This section is from the book "An Illustrated Flora Of The Northern United States, Canada And The British Possessions Vol1", by Nathaniel Lord Britton, Addison Brown. Also available from Amazon: An Illustrated Flora of the Northern United States, Canada and the British Possessions. 3 Volume Set..
Populus tremuloides Michx. Fl. Bor. Am. 2: 243. 1803.
A slender tree, with smooth, light green bark, reaching a maximum height of about 100° and a trunk diameter of 3°, the young foliage glabrous, excepting the ciliate margins of the leaves. Petioles very slender, flattened laterally, causing the leaves to quiver in the slightest breeze; leaves broadly ovate or orbicular, short-acuminate at the apex, finely crenulate all around, truncate, rounded or subcordate at base, 1'-2 1/2' broad, or those of very young plants much larger; bracts silky, deeply 3-5-cleft into linear lobes; aments drooping, the staminate 1 1/2-2 1/2long, 3"-4" in diameter, the pistillate longer, dense; stigma-lobes linear; capsule like that of the preceding species, but somewhat smaller.
In dry or moist soil, Newfoundland to Hudson Bay and Alaska, New Jersey, Pennsylvania, Kentucky, Nebraska, in the Rocky Mountains to Mexico and to Lower California. Ascends to 3000 ft. in the Adirondacks. American, trembling or white poplar. Quaking or mountain asp. Wood soft, weak, light brown; weight per cubic foot 25 lbs. March-May.
Populus nigra L. Sp. PL 1034. 1753.
A large tree, sometimes 100° tall and the trunk 40 in diameter, usually much smaller. Twigs terete; young foliage somewhat pubescent, the mature leaves firm, nearly or quite glabrous; petioles slender, flattened laterally; leaves broadly deltoid, abruptly acuminate at the apex, broadly cuneate or obtuse at the base, crenate, 2-4' long; staminate aments 1'-2' long; stamens about 20; pistillate aments 2'-5' long in fruit, spreading; capsules oblong, very obtuse, borne on pedicels of much less than their own length.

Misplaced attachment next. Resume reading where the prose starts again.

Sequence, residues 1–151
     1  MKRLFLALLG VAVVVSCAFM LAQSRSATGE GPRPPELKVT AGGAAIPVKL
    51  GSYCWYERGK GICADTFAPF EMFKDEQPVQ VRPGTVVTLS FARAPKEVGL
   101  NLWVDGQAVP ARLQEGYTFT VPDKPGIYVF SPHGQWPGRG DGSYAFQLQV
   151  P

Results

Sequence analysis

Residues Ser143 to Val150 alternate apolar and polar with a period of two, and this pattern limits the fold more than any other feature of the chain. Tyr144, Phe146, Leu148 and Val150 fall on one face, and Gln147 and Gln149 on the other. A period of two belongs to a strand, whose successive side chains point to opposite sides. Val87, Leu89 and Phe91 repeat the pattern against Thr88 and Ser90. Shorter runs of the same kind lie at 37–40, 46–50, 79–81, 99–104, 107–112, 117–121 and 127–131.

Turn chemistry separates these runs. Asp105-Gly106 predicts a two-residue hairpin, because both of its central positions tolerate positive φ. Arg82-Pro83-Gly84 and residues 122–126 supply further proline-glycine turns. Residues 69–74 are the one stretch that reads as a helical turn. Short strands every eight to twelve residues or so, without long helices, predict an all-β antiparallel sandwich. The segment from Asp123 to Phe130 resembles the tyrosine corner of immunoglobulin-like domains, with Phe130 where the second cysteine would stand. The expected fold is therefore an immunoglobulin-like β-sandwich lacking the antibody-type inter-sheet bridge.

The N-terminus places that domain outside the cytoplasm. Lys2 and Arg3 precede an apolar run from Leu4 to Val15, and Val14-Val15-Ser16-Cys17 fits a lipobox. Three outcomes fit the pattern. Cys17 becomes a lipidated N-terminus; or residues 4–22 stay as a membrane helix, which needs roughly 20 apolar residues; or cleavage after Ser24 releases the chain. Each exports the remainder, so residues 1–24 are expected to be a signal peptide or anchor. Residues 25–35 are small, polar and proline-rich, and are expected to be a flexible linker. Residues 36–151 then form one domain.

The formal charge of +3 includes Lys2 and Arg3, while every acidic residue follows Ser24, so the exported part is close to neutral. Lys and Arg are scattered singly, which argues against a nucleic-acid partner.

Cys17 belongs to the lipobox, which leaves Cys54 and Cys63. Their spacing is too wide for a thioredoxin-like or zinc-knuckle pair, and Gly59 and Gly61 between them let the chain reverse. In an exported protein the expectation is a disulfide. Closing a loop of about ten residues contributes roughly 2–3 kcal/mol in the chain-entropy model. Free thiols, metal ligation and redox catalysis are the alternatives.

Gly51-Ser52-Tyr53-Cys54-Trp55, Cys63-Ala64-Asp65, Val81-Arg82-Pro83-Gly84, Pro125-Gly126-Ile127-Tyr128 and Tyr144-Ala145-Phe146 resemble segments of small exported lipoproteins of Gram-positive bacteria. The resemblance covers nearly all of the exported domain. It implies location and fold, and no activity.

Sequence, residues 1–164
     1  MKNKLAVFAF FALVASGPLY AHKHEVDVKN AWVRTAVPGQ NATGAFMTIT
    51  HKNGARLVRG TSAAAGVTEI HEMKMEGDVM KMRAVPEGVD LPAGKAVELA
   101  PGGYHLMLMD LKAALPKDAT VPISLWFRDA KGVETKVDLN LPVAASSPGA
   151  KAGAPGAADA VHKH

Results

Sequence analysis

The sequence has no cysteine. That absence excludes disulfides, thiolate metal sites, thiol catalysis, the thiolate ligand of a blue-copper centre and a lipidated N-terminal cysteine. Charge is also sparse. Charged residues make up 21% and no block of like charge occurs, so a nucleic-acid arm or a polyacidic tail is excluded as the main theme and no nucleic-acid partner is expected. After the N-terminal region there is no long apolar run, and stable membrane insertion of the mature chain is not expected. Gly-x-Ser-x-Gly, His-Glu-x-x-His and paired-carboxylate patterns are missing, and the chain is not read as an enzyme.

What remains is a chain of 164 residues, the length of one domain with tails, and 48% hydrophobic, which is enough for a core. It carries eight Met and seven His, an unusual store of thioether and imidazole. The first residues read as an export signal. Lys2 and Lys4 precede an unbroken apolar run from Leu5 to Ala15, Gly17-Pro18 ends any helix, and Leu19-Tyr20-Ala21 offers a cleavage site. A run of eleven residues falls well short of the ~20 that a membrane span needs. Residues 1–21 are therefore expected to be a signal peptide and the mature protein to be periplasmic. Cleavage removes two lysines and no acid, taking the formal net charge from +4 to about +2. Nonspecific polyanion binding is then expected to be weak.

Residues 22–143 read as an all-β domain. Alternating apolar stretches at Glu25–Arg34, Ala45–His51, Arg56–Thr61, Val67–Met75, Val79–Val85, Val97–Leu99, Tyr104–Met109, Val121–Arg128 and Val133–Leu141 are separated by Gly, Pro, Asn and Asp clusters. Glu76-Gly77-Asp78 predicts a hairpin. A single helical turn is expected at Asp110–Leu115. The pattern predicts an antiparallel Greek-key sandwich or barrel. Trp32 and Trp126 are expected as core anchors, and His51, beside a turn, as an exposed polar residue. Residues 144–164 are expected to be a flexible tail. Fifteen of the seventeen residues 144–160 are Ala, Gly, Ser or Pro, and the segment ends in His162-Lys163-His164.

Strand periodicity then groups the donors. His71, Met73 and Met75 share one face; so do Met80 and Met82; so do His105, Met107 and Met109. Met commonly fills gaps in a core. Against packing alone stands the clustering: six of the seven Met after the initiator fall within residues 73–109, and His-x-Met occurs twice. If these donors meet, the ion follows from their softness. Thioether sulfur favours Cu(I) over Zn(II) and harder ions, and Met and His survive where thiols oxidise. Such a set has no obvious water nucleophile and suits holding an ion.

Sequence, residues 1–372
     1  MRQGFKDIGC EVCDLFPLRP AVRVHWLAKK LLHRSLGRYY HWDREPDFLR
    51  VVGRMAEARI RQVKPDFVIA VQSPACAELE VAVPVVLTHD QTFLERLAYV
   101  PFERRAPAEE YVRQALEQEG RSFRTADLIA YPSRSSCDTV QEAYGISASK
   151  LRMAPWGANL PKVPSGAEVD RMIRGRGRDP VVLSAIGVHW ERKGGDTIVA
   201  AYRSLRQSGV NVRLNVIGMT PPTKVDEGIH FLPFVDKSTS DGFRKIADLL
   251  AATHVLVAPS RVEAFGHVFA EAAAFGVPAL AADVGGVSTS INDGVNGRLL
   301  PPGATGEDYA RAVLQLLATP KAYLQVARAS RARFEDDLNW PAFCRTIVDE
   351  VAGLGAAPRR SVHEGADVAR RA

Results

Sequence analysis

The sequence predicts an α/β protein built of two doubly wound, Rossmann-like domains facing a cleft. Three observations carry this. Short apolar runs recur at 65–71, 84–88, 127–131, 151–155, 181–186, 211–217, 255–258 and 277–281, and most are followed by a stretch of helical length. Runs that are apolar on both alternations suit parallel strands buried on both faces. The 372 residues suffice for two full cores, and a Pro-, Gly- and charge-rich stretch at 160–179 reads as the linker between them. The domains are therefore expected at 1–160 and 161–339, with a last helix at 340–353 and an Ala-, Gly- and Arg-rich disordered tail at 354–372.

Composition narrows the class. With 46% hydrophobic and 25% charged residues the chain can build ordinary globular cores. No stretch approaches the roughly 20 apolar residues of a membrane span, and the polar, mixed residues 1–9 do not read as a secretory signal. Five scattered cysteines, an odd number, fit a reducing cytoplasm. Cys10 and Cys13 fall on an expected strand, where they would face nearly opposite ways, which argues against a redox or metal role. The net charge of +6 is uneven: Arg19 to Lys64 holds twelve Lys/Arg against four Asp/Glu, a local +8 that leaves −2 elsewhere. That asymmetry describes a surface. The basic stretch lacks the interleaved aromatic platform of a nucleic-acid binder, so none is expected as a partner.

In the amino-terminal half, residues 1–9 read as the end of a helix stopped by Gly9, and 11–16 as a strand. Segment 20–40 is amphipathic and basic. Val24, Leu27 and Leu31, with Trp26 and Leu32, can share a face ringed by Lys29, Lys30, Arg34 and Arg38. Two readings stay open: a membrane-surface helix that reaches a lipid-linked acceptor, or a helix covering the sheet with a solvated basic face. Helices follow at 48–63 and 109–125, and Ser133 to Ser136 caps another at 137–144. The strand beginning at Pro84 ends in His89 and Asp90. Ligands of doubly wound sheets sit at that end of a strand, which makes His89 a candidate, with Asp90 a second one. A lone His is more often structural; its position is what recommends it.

Valleys of the Hudson and Delaware Rivers, naturalized from Europe. Cat-foot poplar. Devil's-fingers. Old English poplar. April-May.
The Lombardy poplar (Populus italica Moench (Populus dilatdta Ait.), commonly planted for ornament, occasionally spreads by sending up shoots from its subterranean parts. Poplar-pine.
A large tree, the greatest of the poplars, attaining a maximum height of 1500 and a trunk diameter of 7 1/2°, the bark grayish-green somewhat rough when old. Foliage glabrous; leaves broadly deltoid-ovate, abruptly acuminate at the apex, crenulate, truncate at the base, 4'-7' long; petiole flattened laterally, stout, about as long as the blade; bracts glabrous, deeply fimbriate; staminate aments drooping 3'-5' long, 5"-6" in diameter; pistillate aments loosely flowered, becoming 6'-10' long in fruit; capsules ovoid, acute, 4"-s" long, 2-4-valved, shorter than or equalling their pedicels.
In moist soil, especially along streams and lakes, Quebec to Manitoba, south to Connecticut, Florida and Tennessee. Wood soft, weak, dark brown; weight per cubic foot 24 lbs. April-May. Carolina poplar. Water- or river-poplar. Berry-bearing, or black Italian poplar. Big or yellow cottonwood. Cotton-tree.
Alamo. The species consists of several races.